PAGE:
MANCHESTER — City school board members are expected to vote Monday night to approve a new program in Manchester schools designed to prevent teen vaping.
Catholic Medical Center, Breathe NH and Making It Happen are working together to introduce the program into Manchester schools warning youth about the dangers of vaping, as use of vaping products is on the rise among young people.
Tonight’s meeting of the Board of School Committee gets underway at 7 p.m. in the aldermanic chambers at City Hall.
Representatives from Catholic Medical Center (CMC), Breathe NH and Makin’ It Happen recently went before the Committee on Curriculum and Instruction to introduce a program in city schools, as vaping among young people is increasing.
A school board committee voted unanimously to allow a program designed to curb vaping to go forward. The program would entail young people with the group Makin’ It Happen, along with CMC and the non-profit Breathe New Hampshire, to speak to their peers and younger students about the dangers of vaping.
Organizers say they hope to kick off the effort with a presentation for parents sometime this month.
“We’re hoping to have an event on the West Side, and invite parents from the entire district,” said Mary Forsythe-Taber, executive director of Makin’ It Happen. “The high school students are looking to engage and encourage the middle school students not to get involved in vaping, that’s the peer-to-peer piece of it.”
Forsythe-Taber said organizers hope for a good showing at the parent meeting, with “good questions and good feedback.” They will then take that data and decide whether to roll it out into other areas of the city.
“Vaping is happening all over the city and I feel kinda urgently about it in that I don’t want to see this just take place on the West Side,” said Ward 4 school board member Leslie Want. “I’d like to see it district wide.”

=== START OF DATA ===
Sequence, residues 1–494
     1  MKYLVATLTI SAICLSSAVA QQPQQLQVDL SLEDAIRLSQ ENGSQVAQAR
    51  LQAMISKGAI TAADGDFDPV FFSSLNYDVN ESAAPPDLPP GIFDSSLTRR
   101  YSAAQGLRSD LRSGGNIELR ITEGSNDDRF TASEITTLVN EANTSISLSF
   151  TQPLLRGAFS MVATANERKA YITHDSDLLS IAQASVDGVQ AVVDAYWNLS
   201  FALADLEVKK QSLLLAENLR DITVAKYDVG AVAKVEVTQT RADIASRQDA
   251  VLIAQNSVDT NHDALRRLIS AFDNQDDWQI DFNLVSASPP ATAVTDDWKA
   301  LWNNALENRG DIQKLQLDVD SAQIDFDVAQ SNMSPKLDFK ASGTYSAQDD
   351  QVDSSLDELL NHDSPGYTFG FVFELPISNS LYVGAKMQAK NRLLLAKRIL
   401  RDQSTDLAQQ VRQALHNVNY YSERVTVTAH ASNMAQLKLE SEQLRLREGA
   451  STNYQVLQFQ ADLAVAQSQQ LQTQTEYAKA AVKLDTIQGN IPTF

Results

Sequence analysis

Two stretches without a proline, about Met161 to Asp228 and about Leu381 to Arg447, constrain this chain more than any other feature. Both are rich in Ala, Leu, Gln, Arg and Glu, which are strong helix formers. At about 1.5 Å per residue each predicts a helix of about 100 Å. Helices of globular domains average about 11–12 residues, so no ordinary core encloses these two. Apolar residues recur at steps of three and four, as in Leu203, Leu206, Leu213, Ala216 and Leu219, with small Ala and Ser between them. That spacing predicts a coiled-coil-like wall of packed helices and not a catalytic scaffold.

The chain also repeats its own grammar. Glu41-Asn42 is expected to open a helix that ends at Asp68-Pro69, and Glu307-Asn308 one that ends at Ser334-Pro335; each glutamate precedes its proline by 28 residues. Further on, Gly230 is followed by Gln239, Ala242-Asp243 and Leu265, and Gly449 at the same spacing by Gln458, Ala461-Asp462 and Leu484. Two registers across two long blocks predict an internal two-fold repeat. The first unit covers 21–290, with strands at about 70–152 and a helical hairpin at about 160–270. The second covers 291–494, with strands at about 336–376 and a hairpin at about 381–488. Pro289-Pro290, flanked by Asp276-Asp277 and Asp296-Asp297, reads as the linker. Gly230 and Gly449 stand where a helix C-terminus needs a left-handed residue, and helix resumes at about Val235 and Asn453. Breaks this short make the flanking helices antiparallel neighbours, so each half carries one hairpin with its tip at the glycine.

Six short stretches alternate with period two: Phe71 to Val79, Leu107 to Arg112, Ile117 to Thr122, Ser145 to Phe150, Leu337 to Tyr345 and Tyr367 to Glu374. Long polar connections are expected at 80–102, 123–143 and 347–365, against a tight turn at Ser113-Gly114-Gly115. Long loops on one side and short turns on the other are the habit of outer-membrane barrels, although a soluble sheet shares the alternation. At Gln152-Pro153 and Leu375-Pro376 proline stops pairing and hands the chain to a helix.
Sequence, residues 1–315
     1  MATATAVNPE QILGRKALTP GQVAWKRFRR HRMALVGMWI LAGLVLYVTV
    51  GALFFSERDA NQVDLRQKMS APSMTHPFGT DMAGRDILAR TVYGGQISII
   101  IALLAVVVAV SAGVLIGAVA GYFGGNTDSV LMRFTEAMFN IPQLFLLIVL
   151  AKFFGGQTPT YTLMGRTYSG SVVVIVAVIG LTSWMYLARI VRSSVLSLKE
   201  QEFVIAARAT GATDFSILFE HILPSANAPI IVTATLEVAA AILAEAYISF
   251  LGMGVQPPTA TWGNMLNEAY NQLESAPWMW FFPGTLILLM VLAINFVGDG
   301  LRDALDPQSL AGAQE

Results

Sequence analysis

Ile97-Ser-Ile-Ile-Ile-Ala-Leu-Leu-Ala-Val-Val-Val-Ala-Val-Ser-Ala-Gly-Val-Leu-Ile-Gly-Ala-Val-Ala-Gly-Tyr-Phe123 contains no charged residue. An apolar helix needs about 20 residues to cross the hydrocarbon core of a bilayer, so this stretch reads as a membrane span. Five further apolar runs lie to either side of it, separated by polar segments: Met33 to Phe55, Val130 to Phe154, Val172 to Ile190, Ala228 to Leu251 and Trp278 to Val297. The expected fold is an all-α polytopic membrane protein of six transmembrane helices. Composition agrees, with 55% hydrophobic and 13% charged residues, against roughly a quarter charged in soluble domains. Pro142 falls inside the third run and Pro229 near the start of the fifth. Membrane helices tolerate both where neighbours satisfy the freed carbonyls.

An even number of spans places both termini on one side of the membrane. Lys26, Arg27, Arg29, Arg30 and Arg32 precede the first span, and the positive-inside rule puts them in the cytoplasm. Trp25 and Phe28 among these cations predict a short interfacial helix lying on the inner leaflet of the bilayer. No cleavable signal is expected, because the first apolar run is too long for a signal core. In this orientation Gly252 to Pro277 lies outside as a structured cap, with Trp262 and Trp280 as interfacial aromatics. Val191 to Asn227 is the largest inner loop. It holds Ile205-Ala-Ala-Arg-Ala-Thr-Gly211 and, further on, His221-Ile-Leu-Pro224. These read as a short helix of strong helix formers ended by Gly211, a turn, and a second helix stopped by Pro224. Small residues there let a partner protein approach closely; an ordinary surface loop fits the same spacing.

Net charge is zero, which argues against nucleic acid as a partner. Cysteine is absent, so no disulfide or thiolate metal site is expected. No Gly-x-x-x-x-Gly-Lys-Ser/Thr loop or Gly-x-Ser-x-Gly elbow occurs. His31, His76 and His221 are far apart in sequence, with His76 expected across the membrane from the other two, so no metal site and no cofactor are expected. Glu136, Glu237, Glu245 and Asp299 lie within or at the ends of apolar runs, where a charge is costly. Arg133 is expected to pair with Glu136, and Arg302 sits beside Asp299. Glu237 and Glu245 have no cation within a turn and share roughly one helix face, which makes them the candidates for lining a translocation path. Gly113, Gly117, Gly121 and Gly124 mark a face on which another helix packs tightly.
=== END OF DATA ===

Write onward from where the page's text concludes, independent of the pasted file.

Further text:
“The initial parent event, we want to invite the whole district,” said said Tim Soucy, CMC community health and mission director. “Then with the feedback from this event, have a small pilot program on the West Side to gather feedback. Then ultimately our goal would be to roll it out citywide.”
Soucy said the hope would be for a pilot program in West Side schools this fall, then citywide in the winter or spring.
“This program specifically is targeted at preventing youth vaping and helping them to quit,” said Allyssa Thompson, director of programs at Breathe New Hampshire. “We also focus on the marketing tactics the vaping industry uses in appealing to youth.”
National data shows vaping is a huge issue among teens, with the rate of teens using electronic cigarettes more than doubling in two years — the largest and quickest increase in the popularity of any substance since tracking began 45 years ago.
The data was recently published in the New England Journal of Medicine, as national health officials try to determine why at least 1,080 people have been hospitalized and 19 have died after using vaping products.
An estimated 25% of high school seniors vaped nicotine in the past month this year, up from 11% just two years ago, according to the 2019 Monitoring the Future Survey, funded by the National Institute on Drug Abuse. Use grew from 8.2% to 20.2% for sophomores and 3.5% to 9% for eighth-graders.